Cheapest AND Cleanest: Renewables Are Winning
When President Jimmy Carter put solar panels on the roof of the White House 40 years ago, renewable energy resources were a niche technology both expensive and quirky. Well, as Carter’s buddy Bob Dylan would say, “The times they are a changin’.”
Solar and wind energy are beating dirty fossil fuels and nuclear power in the marketplace. They are winning not because they are clean and necessary to combat carbon pollution, but because they are less expensive for power producers, companies and customers.
As 2018 closes, it’s now safe to say that clean renewable energy is at an inflection point. Cost is no longer the biggest challenge to greater adoption of wind and solar; it is now the rules of the power markets that often keep the cheapest options from winning.
It makes business sense
As evidence of how renewables are cheaper, take for example, Northern Indiana Public Service Co. Indiana is the nation’s third-largest consumer of coal, after Texas and Illinois, and NIPSCO got nearly all of its electricity from coal-fired plants as recently as 2010. It’s now planning to shut down two of its three coal plants by 2028 and replace them with renewables. “Cost-competitiveness that has been evolving in the market, pointing toward the need to accelerate retirement of our coal-fired electric generation and replace it with lower-cost renewable sources,” it said.
Similarly, American Electric Power Co., one of the nation’s largest consumers of coal, told regulators it wants to build 900 MW of wind and solar generation.
“These decisions are being driven by economics, where the utility is saying renewable energy is the least-cost and less-risk option to customers," said Ben Inskeep, an analyst at EQ Research told E&E News.
And it’s not just utilities that are getting into the game. Corporate purchases of renewable energy have grown around the world, reaching 7.2 gigawatts in 2018 according to Bloomberg New Energy Finance.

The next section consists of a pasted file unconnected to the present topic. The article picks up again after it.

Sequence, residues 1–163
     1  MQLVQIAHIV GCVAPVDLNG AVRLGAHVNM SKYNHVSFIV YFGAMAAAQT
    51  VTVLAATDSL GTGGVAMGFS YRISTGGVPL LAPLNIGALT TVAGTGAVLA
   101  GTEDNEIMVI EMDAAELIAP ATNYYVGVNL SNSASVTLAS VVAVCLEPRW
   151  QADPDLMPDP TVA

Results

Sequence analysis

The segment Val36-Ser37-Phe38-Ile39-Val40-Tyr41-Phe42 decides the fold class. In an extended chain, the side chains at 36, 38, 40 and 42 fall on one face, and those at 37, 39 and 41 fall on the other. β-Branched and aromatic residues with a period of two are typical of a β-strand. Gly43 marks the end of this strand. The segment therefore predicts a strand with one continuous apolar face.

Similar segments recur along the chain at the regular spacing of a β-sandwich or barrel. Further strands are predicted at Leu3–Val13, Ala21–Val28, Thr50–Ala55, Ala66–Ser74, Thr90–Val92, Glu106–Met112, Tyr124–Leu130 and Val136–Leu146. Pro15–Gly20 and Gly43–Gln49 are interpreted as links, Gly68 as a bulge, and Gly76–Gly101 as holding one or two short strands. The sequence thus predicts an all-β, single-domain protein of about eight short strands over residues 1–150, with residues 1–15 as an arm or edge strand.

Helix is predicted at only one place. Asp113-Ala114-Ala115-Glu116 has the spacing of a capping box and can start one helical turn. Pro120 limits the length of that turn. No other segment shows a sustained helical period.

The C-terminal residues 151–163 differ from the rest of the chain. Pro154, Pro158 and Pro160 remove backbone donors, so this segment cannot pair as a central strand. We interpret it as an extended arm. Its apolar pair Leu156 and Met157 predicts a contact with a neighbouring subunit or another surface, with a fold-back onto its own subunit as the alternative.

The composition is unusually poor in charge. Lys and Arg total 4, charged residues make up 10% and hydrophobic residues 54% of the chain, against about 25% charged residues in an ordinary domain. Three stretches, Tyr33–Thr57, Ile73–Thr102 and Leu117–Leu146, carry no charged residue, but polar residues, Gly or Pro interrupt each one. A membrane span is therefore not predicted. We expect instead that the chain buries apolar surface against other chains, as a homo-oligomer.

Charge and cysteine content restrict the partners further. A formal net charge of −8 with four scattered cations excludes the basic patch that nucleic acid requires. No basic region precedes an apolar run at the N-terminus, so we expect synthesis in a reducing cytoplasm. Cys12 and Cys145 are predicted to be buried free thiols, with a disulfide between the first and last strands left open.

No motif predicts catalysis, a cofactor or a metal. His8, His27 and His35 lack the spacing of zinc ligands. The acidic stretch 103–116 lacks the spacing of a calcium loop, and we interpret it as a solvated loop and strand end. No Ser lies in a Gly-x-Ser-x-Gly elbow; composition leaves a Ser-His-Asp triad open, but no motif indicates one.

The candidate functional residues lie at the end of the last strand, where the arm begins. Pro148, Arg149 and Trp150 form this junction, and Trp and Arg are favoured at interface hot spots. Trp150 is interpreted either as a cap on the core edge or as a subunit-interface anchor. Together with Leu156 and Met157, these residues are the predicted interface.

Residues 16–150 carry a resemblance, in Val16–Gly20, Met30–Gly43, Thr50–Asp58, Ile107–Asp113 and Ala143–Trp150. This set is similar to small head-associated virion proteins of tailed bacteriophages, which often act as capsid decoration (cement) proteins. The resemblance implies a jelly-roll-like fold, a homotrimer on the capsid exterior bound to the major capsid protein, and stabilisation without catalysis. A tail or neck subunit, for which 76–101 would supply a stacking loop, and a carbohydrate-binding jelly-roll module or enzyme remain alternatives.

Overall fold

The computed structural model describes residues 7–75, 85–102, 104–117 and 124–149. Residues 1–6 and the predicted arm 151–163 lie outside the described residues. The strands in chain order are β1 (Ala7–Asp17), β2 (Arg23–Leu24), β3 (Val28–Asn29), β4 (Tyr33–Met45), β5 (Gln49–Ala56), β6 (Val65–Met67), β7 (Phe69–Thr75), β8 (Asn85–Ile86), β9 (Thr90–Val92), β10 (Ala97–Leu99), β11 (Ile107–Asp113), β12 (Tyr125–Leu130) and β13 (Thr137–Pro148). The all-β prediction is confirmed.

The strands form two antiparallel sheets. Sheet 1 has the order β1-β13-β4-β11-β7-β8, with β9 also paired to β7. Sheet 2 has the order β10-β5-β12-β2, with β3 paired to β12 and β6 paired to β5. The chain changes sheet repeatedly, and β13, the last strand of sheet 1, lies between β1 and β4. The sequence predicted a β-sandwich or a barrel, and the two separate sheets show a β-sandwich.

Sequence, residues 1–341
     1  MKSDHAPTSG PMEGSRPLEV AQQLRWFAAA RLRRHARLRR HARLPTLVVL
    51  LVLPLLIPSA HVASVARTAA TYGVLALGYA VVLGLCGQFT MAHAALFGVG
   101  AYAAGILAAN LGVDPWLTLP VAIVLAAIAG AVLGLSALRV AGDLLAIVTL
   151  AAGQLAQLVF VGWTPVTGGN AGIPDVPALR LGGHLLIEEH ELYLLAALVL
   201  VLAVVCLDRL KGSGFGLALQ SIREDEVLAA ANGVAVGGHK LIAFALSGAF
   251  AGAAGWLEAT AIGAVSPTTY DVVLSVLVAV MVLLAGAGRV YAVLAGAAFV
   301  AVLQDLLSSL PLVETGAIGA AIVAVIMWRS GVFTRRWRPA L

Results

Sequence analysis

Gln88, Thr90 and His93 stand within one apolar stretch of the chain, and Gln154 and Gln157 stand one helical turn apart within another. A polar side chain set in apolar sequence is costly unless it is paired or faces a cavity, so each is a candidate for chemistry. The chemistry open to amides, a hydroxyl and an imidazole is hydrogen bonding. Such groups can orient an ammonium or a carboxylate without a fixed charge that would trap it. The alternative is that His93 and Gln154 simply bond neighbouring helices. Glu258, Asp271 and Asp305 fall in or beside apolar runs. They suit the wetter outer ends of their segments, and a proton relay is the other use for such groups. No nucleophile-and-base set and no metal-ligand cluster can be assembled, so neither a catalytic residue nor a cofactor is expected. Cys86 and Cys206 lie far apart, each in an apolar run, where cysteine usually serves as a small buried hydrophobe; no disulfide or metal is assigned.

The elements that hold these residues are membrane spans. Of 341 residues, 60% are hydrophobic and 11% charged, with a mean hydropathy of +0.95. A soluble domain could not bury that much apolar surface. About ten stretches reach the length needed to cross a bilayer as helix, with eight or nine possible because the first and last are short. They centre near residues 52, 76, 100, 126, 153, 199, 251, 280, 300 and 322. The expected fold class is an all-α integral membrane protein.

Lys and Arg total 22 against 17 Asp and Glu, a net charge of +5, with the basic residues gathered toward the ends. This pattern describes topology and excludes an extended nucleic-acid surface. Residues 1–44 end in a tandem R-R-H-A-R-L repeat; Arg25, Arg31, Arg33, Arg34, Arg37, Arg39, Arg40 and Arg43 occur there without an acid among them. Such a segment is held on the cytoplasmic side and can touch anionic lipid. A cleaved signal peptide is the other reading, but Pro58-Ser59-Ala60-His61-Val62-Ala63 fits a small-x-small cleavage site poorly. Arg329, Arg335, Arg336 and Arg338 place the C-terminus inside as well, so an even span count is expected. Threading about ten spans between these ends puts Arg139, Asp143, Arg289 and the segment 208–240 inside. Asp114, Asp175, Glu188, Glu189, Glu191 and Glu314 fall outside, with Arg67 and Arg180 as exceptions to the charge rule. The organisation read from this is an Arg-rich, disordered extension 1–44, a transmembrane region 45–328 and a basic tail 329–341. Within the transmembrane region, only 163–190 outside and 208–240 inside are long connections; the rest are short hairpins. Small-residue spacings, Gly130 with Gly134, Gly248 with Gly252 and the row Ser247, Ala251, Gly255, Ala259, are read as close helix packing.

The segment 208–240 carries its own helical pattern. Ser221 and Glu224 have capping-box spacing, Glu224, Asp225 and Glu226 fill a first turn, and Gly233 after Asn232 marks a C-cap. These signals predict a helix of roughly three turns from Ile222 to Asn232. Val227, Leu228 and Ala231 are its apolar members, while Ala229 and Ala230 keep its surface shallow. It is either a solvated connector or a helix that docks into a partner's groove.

Correcting the markets
“Now that wind and solar are cost-competitive in so many places,” John Kostyack, the executive director of the Wind Solar Alliance explained to me recently, “the key challenge in accelerating deployment is persuading grid operators that reliability needs can be met with renewables and complementary technologies such as battery storage. Therefore, a top priority for wind and solar advocates is to reform market rules so that they recognize and reward renewables for the reliability services they provide to the grid.”
Think of the shift from costs to market rules this way: for years we have invested in research and development, incentives, standards and good old American ingenuity to bring down the cost of wind and solar. We were pushing a bobsled up a hill. Now we’ve passed the summit, and the sled is starting to slide down hill on its own. All of our effort is paying off. But the path down the hill isn’t smooth. There are logs and barriers because this path was built for dirty, old fossil fuels. If we clean up the rules of the market, wind and solar will keep building up momentum.
Still, if the fires in California and the hurricanes in Puerto Rico and the Southeast aren’t sign enough, the recent Intergovernmental Panel on Climate Change report and the 4th National Climate Assessment drive home the urgency. Just because wind and solar are winning more and more, doesn’t mean we’ll get enough clean energy fast enough to stave off the worst impacts of climate change. The sled is moving on its own, but to win the race and save the planet, we need to be like a bobsled team that runs alongside the sled making it go faster and steering it down the hill. That means we still need incentives, standards, permits, and R&D. (This is part of why it’s so alarming to see the Trump DOE sitting on $600 million that it was supposed to spend speeding clean energy.)
Second, how hard we have work to speed up the sled—how much we have to spend on incentives and standards—depends on how smooth we make the hillside. If we get the market rules right, then standards will be easy to meet and incentives can be modest. If we leave the old fossil fuel-oriented rules in place or—as the biggest of markets is contemplating—make them even worse, then it could be almost as hard to get the sled down the hill as it was getting it up the hill.